A few months ago, I wrote an opinion piece about the need for reasonable goals for yourself as a writer (which you can read here).
It occurred to me that I didn’t provide any tips for setting those goals. So, with my annual June check-in post having gone up last week, I figured this would be a perfect opportunity to talk about how to set realistic goals for yourself.
Factor in the Facts of Life
I’ll start off what I think is the most important thing to keep in mind when setting goals, and that’s knowing what you can feasibly do.
Speaking from experience, you might have the impulse to set bigger goals only for them to fall flat.
When this happens to me, it’s usually because I’m not setting goals for myself in a way that I can manage with everything else going on in my life like my day job or family obligations.
It’s important to consider everything you already have going on in your life because that will impact the trajectory of your goals.
If you’re in school, have a day job, family commitments, and other activities, you can’t drop all of them at the snap or a finger. These are things you need to keep in mind when setting goals so you can adjust your routine to accommodate these changes.
Life is a balancing act, and you don’t want to add another spinning plate to the stack so abruptly you knock them all to the floor.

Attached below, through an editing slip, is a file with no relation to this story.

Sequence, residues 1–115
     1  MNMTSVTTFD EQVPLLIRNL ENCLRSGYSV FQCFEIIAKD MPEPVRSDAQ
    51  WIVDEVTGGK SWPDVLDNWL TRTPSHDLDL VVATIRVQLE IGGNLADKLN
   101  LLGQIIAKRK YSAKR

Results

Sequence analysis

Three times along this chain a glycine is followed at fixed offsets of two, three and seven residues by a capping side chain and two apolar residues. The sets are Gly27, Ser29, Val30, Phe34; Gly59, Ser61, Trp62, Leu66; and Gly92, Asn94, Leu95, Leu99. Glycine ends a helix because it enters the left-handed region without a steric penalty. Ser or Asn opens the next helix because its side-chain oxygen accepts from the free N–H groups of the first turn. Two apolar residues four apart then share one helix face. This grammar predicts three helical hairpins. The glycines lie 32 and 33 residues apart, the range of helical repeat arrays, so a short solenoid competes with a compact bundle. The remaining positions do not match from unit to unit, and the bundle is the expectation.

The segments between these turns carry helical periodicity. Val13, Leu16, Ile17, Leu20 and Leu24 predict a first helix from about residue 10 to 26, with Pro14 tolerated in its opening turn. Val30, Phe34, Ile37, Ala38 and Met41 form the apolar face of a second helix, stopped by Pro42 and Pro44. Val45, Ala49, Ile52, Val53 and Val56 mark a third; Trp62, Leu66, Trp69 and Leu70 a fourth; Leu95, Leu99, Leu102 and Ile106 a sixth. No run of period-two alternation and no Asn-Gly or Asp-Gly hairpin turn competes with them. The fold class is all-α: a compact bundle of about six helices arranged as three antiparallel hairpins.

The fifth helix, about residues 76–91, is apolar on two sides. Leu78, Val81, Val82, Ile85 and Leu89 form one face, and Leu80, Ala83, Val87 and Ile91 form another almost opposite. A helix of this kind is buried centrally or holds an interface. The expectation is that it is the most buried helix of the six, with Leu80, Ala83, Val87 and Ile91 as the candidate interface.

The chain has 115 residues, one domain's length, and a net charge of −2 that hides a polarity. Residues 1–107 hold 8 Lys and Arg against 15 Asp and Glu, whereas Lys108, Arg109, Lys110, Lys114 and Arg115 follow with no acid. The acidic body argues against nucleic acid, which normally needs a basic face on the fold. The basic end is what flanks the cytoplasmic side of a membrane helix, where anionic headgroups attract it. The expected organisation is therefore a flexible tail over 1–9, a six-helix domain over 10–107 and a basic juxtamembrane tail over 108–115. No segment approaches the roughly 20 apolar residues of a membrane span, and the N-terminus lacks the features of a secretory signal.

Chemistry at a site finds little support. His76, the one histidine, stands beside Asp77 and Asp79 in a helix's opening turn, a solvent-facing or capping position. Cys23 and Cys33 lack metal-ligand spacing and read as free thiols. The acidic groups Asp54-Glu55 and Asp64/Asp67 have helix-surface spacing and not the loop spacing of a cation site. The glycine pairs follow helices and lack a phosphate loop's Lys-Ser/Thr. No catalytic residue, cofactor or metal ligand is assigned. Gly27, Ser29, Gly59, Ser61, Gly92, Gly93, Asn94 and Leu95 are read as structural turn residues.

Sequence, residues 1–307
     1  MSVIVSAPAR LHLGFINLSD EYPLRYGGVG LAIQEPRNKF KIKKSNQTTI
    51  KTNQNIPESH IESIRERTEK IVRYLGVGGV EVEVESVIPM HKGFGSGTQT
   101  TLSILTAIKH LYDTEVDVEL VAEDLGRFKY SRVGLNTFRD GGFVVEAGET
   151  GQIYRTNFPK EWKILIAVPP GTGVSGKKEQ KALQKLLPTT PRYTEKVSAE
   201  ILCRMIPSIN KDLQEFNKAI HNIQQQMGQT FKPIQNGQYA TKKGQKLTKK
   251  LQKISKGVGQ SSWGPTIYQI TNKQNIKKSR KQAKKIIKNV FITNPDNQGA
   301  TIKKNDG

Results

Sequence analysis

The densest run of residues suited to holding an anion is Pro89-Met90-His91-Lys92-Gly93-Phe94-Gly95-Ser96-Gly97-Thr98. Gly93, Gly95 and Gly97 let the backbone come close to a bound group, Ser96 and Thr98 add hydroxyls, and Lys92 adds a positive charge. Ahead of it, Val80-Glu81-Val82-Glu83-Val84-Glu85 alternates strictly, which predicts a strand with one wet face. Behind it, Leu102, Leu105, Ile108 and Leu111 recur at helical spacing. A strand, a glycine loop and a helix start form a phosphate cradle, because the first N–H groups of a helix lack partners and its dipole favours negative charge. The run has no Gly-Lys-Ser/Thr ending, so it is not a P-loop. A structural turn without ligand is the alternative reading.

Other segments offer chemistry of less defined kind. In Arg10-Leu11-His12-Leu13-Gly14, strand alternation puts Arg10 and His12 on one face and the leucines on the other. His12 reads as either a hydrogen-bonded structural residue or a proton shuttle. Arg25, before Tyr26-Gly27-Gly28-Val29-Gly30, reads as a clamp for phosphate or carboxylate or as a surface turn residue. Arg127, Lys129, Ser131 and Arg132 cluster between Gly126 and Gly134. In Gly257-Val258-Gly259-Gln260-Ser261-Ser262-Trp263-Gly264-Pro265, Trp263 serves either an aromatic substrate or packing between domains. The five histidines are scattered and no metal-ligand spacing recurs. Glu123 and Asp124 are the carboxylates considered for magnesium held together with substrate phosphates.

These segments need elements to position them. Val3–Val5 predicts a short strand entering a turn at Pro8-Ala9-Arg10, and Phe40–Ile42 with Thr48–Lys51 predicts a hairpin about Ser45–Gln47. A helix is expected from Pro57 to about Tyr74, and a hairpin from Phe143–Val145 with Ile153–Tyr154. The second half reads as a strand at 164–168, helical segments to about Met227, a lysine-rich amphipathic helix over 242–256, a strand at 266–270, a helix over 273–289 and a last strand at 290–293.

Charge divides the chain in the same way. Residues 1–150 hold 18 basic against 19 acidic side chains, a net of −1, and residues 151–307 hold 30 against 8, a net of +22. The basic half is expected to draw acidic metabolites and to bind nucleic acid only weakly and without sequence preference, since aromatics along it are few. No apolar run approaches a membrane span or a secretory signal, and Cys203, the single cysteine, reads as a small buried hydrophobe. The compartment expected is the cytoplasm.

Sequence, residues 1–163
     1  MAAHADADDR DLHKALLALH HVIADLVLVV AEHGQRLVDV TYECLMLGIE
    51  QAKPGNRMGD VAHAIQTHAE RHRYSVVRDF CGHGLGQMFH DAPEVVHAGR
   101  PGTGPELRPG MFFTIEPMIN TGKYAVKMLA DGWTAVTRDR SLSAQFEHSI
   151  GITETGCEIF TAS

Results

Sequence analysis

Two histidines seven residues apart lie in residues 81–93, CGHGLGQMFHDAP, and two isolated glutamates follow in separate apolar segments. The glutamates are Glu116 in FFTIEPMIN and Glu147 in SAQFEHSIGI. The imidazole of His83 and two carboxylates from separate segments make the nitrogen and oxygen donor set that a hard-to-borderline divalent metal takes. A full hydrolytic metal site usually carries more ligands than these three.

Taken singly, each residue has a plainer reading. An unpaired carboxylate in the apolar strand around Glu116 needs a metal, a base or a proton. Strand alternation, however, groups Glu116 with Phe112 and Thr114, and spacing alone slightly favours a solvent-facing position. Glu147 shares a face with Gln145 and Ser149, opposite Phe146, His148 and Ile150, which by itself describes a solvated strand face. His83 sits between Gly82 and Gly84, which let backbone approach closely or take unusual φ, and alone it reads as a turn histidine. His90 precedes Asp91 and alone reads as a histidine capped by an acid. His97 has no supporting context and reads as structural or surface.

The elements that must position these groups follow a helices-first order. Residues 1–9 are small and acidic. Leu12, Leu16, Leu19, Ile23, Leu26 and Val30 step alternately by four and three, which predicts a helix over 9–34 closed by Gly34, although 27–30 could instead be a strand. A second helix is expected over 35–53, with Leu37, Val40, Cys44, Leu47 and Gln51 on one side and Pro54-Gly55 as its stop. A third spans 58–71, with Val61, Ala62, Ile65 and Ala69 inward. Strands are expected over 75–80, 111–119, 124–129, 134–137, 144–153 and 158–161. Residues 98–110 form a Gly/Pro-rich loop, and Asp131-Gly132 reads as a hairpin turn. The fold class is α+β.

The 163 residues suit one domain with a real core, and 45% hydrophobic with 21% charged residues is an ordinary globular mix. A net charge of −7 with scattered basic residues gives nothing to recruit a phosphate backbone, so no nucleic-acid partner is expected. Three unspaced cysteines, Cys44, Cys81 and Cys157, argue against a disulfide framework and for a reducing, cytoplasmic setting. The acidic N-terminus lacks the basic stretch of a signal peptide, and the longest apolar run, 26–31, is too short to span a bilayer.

Focus on the Micro
Back in high school, my desktop wallpaper for a time was a photo of Aaron Tveit poorly slapped onto some pixilated galaxy wallpaper I copy-pasted from Google Images into MS Paint.
The reason I bring this up is because I also squeezed in a quote from him, “I find that with anything, you have to focus on the micro. If I look at the whole thing, I’ll get overwhelmed.”
Focus on the Micro became a sort of mantra for me, especially in my senior year while I was dealing with the end of so many things and trying to find my place in the world at the precipice of a new beginning. It was my way of reminding myself to take things one day at a time and to break down the bigger things into smaller, more manageable steps.
Focusing on the micro can also help in setting goals for yourself.
For example, my saying I want to begin querying literary agents can feel pretty daunting at times and vague, but creating a list of the things I need to do in order to get there gives me a better sense of where I’m headed.
- Finish the current round of edits for BttH
- Beta readers round one
- Adjust manuscript with beta feedback